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‘Female Viagra’ Off to a Slow Start

Female Viagra

Flibanserin is the active ingredient in Addyi, the first medication approved by the FDA for the treatment of a common form of female sexual dysfunction.

Addyi, the first prescription medication approved to treat female sexual dysfunction, got off to a slow start in its first few weeks on the market. According to reports from Bloomberg.com, a total of 227 prescriptions of the so-called “female Viagra” were filled between the drug’s introduction on October 18, 2015, and November 6, 2015, roughly three weeks.

By contrast, nearly 600,000 prescriptions were filled for Viagra, the first of the new wave of drugs to treat erectile dysfunction, during its first five weeks on the market in the spring of 1998. However, despite its nicknames of “female Viagra” and “pink Viagra,” Addyi has very little in common with Viagra, apart from the fact that they both treat forms of sexual dysfunction.

Addyi Takes Time to Work

While Viagra produces near-instant gratification, enabling most men who use it to get an erection within 60 minutes or so of taking it, Addyi must be taken every day and for at least a few weeks before its results begin to be seen. And because it is a new drug, its costs per pill are relatively high, which may also be a factor in its slow start on the market. According to Bloomberg.com, the pharmacy at Rochester Women’s Health Clinic sells Addyi for $26 a pill. The monthly tab for the pill thus comes to a hefty total of $780.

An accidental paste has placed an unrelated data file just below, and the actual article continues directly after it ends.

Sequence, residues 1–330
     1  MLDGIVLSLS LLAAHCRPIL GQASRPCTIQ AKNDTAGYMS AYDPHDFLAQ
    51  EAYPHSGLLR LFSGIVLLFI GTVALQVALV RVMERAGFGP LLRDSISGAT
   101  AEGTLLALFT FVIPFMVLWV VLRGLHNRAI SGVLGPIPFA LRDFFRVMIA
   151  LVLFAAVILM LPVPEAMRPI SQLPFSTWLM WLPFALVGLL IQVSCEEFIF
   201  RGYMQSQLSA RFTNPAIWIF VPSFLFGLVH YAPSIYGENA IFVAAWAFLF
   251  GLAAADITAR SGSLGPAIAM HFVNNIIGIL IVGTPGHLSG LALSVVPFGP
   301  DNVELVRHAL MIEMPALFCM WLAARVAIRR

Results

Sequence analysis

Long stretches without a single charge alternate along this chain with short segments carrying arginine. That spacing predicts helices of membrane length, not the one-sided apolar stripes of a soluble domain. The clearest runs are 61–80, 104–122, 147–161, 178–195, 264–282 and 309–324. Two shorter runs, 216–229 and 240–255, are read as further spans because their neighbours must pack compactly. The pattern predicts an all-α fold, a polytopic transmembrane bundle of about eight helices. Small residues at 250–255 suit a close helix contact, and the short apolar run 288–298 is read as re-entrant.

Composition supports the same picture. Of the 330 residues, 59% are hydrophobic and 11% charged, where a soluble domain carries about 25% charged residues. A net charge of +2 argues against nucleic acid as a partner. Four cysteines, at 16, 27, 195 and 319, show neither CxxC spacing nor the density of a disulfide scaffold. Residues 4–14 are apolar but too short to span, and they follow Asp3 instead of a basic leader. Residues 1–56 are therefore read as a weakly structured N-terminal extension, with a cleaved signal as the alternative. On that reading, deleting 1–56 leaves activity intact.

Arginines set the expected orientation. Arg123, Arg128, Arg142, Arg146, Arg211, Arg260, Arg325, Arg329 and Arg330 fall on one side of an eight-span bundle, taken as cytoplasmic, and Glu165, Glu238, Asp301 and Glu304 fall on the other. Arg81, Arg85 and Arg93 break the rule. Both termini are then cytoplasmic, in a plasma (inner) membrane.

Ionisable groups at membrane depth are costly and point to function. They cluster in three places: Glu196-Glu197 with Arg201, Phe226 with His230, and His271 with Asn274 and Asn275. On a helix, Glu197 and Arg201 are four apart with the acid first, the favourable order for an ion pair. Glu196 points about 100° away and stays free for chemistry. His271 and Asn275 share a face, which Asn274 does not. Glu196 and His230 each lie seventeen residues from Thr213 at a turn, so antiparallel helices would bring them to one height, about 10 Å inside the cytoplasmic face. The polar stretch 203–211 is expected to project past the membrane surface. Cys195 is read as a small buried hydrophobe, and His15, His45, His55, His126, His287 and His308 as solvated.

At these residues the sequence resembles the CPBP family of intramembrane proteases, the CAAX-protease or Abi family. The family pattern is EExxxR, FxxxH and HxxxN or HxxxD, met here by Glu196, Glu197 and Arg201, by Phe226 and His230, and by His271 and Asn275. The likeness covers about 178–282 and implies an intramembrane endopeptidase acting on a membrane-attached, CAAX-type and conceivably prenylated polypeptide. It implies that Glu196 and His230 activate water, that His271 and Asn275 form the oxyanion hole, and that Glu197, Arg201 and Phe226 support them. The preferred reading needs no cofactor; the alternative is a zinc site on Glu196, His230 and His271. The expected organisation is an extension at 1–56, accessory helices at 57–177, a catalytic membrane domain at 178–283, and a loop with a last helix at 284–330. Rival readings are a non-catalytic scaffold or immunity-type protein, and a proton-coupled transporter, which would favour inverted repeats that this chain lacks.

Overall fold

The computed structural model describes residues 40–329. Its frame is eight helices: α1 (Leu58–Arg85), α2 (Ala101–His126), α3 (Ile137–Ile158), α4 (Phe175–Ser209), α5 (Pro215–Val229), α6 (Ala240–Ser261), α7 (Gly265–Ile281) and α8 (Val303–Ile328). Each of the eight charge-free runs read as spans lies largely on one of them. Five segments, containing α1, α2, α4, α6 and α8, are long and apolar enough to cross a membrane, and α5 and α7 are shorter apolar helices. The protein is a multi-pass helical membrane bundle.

Bloomberg’s mid-November report on Addyi also notes that most insurers and pharmacy-benefit managers are either not covering the drug or are placing it on the third tier of their prescription drug coverage plans. Addyi’s designation as a third-tier medication means that the drug will cost insureds significantly more than generic or preferred brand medications.

Conditions to FDA Approval

Other likely factors in the slow sales of Addyi thus far may well be the conditions that the U.S. Food and Drug Administration attached to its approval of the drug. Physicians who seek to prescribe the drug must first participate in an online training program to demonstrate their knowledge of the drug to be certified to prescribe Addyi. Pharmacists who want to dispense the drug also must be certified after a brief training program.